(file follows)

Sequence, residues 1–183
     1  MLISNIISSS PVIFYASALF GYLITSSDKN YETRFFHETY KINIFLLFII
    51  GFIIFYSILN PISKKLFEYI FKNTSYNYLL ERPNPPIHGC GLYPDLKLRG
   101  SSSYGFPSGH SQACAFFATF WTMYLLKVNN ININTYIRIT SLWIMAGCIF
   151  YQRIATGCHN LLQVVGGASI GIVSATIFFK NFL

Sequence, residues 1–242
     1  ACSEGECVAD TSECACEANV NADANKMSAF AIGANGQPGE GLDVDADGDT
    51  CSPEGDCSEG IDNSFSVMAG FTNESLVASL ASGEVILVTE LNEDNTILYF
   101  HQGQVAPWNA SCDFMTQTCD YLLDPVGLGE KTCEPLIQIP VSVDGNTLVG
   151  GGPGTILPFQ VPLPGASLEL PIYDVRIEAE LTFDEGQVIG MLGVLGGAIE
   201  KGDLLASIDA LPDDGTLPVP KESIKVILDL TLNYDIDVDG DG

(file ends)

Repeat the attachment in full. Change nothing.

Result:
Sequence, residues 1–183
     1  MLISNIISSS PVIFYASALF GYLITSSDKN YETRFFHETY KINIFLLFII
    51  GFIIFYSILN PISKKLFEYI FKNTSYNYLL ERPNPPIHGC GLYPDLKLRG
   101  SSSYGFPSGH SQACAFFATF WTMYLLKVNN ININTYIRIT SLWIMAGCIF
   151  YQRIATGCHN LLQVVGGASI GIVSATIFFK NFL

Sequence, residues 1–242
     1  ACSEGECVAD TSECACEANV NADANKMSAF AIGANGQPGE GLDVDADGDT
    51  CSPEGDCSEG IDNSFSVMAG FTNESLVASL ASGEVILVTE LNEDNTILYF
   101  HQGQVAPWNA SCDFMTQTCD YLLDPVGLGE KTCEPLIQIP VSVDGNTLVG
   151  GGPGTILPFQ VPLPGASLEL PIYDVRIEAE LTFDEGQVIG MLGVLGGAIE
   201  KGDLLASIDA LPDDGTLPVP KESIKVILDL TLNYDIDVDG DG